To improvise means to grasp the present circumstances and act accordingly and appropriately, not being constrained by habits, fears, or conformity, nor behaving randomly or by impulses (Nachmanovitch, 1990). Performance of such “non-default” behavior in complex and novel contexts characterizes the functions of the frontal lobes (Mesulam, 2002). Although we all improvise in our daily life when we act in complex or novel situations, improvisation is also strongly associated with improvised performance in the arts, specifically in music and theater.
Recently several neuroimaging studies have examined brain activation during musical improvisation and demonstrated activation of prefrontal regions (Bengtsson et al., 2007; Limb and Braun, 2008; Berkowitz and Ansari, 2008). Furthermore, it has been noted that many of the exercises and practices performed by improvisation actors share high resemblance to classical neuropsychological assessments for prefrontal functions (Preminger, 2009a, 2011). Consequently it was suggested that improvisation training can serve as training and rehabilitation for prefrontal functions (Preminger, 2009a, 2011), proposing that a major benefit of such training is its resemblance to real-life, leading to a higher potential for transfer. Brain activity during some specific improvisation tasks and the long-term effect of their continued practice has been examined and demonstrated using fMRI and computerized paradigms that simulate improvisation exercises to allow for scientific investigation (Preminger et al., 2008, 2010a; Loya et al., 2010).
So far I focused on describing how a given art experience affects the brain. Given that brain and cognition have the capacity to be molded by artistic experiences, art can be created in a way that takes this knowledge into account and utilizes it to generate transformative experiences with particular artistic or rehabilitational goals in mind.
Art as Engineered Experience
Although the nature of aesthetic experience has been forcefully debated for centuries, there is a general agreement in the western culture about the term aesthetic experience, and various suggestion for its components where proposed. For example, Ramachandran and Hirstein proposed the Eight laws of artistic experience—common principles for how visual artistic experiences excite human cognition and brain (e.g., grouping, symmetry, and peak shift principles; Ramachandran and Hirstein, 1999). Furthermore, many art theorists agree that overall there are many commonalities in the way different people (from same culture) experience a given artwork. Some even claim that the ability to convey a consistent experience is a criterion for the quality of the artwork. Indeed, previous studies have demonstrated that eye-movement of different viewers while viewing the same famous paintings share a lot in common (Yarbuz, 1976). Similar results where recently obtained with viewers of commercial movies (Hasson et al., 2004, 2008). Furthermore, neuroscientists have suggested that at least at an elementary level, what happens in different brains when viewing works of art is very similar (Zeki, 1998). Neuroimaging studies have demonstrated a common brain activity pattern when subjects viewed paintings (Ishai, 2011), or when subjects listened to musical pieces (Stewart, 2008). Furthermore, it was demonstrated that when viewing a movie the time course of brain activity in sensory and association cortices correlated across viewers (Hasson et al., 2004). Nevertheless, correlation across viewers was not seen in all regions, in particular not in frontal cortical regions. The subjective aspect of perception was also demonstrated by a recent study of conscious perception using Dali's ambiguous painting (Smith et al., 2006) which demonstrated that different image components drive different observers to reach the same perceptual awareness.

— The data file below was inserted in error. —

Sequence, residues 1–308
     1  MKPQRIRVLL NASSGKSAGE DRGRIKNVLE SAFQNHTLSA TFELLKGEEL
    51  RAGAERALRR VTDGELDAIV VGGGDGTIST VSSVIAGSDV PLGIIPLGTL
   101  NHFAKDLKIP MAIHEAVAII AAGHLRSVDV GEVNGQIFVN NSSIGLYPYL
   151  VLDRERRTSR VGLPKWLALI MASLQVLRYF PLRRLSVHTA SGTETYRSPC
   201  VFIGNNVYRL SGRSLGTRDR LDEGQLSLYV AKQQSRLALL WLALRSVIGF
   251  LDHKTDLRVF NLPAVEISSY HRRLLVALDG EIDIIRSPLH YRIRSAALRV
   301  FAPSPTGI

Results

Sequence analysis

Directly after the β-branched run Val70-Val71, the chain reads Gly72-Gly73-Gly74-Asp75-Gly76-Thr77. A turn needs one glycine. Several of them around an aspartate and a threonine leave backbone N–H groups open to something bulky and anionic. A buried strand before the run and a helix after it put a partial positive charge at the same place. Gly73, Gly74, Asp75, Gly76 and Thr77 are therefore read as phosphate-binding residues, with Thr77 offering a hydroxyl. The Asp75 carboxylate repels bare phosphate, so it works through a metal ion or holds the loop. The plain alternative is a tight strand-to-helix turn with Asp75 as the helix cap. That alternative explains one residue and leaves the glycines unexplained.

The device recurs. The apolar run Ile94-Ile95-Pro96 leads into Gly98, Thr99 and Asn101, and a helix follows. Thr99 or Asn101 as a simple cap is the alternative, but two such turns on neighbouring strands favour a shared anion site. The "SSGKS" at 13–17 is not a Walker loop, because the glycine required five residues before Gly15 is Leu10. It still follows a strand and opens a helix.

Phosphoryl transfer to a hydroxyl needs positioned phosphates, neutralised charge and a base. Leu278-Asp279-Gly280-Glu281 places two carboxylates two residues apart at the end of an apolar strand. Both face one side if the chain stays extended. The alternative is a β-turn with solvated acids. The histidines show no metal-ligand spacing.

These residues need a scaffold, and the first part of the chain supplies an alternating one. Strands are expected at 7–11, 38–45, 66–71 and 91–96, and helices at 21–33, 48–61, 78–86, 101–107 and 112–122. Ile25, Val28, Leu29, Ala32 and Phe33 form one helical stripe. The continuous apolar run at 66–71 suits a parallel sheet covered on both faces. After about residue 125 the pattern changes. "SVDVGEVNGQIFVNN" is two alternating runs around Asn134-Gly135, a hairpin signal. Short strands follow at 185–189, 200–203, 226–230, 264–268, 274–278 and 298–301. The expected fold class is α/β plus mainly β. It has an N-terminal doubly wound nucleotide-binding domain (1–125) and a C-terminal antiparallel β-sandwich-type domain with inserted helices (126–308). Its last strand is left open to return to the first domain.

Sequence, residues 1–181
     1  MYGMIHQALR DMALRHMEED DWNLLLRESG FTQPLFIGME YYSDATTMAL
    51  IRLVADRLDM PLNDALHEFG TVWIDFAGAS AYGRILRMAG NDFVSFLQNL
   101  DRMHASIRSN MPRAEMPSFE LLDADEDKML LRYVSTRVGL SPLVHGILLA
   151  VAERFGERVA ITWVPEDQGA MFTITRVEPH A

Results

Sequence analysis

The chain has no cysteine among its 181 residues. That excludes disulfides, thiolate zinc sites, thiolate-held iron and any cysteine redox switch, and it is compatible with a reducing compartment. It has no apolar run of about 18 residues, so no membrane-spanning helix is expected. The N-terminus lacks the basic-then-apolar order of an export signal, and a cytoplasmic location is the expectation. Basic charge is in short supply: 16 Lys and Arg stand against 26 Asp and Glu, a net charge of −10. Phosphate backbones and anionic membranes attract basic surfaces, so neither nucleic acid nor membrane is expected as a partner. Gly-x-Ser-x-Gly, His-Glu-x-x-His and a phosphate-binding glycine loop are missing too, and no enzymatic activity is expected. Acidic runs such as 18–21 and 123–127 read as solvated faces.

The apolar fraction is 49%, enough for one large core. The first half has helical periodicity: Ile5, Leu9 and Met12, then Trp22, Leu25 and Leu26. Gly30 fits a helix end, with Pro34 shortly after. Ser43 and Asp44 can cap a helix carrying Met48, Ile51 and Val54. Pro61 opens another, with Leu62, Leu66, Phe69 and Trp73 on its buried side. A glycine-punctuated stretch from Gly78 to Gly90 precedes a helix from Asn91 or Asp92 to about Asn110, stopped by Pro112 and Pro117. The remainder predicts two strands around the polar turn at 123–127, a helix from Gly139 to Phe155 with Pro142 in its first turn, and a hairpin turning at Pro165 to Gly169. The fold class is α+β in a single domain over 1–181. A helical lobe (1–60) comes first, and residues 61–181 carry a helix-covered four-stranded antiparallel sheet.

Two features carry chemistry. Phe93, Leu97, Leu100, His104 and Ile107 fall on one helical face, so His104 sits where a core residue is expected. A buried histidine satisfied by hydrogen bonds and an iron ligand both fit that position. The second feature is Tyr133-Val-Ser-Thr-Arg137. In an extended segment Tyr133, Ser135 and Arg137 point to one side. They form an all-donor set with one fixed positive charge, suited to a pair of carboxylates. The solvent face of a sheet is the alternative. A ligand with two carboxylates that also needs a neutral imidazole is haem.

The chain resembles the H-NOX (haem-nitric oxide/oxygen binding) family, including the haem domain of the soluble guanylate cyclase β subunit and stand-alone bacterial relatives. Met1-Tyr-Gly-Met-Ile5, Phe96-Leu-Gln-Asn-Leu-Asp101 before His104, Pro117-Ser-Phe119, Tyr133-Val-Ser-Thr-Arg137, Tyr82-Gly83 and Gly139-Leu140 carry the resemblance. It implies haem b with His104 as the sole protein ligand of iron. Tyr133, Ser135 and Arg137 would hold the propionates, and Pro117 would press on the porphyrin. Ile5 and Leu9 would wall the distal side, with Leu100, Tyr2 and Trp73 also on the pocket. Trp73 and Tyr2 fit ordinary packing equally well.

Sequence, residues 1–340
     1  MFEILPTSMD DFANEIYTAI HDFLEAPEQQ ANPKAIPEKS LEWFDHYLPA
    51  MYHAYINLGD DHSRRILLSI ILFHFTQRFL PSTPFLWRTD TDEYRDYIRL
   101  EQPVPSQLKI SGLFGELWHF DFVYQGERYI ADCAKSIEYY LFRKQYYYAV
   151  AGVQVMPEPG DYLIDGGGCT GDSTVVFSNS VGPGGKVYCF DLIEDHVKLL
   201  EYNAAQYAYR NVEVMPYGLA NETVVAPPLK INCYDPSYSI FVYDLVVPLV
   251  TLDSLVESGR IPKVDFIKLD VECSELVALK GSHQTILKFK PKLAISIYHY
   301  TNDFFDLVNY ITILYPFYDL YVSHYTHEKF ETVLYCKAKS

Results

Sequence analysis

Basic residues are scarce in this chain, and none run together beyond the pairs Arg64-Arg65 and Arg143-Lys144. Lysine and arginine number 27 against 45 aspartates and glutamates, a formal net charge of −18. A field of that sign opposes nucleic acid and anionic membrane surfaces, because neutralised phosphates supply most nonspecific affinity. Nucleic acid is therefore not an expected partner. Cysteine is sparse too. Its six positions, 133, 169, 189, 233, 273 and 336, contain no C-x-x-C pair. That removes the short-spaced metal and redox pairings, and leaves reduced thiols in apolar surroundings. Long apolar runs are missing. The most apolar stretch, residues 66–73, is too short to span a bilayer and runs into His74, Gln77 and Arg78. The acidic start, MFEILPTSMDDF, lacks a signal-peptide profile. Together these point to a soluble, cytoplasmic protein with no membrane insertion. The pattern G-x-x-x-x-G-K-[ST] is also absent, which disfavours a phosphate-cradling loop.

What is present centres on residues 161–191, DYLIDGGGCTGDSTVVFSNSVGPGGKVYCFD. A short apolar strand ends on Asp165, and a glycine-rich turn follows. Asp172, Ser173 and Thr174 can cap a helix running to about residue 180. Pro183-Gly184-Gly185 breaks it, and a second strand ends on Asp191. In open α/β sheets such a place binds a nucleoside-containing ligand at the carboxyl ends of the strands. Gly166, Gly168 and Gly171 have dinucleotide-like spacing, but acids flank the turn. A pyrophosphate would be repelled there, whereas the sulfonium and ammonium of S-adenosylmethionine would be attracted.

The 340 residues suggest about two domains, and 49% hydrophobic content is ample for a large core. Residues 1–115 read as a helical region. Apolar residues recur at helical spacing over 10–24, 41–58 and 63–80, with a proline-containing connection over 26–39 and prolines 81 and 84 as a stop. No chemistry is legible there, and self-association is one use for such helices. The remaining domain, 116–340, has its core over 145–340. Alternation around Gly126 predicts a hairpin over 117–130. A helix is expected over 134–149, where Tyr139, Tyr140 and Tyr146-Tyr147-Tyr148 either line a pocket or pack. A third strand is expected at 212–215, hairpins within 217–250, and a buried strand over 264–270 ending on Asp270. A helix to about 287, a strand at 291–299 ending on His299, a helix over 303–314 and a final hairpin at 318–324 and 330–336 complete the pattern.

Clearly, the ability to control the cognitive processes depends on the art medium (e.g., plastic art vs. cinema vs. music). Furthermore, the inclination of artists to induce a common experience across all viewers varies. One clear example is the different approaches taken by various film directors and theorists: whereas the Russian montage editing approach promoted “engineering” new movie experiences by combining different perceptual components together, the other side of the spectrum can be represented by André Bazin who advocated films which are “objective reality,” leaving the viewer free to have his own subjective experience. Along these lines, it has been recently demonstrated that different films by different directors vary in the consistency of brain activation across viewers, where structured movies such as Bang! You're Dead by Hitchcock, elicited a wide range of brain regions where activity was correlated across subjects who viewed the movie (Hasson et al., 2008). On the other hand, an un-structured movie of a daily-life scene very few regions demonstrated correlation across subjects (Hasson et al., 2008).
In summary, at least to some extent, artists can be viewed as experts in controlling and manipulating humans' perceptions as well as the emotional and cognitive experience that they induce.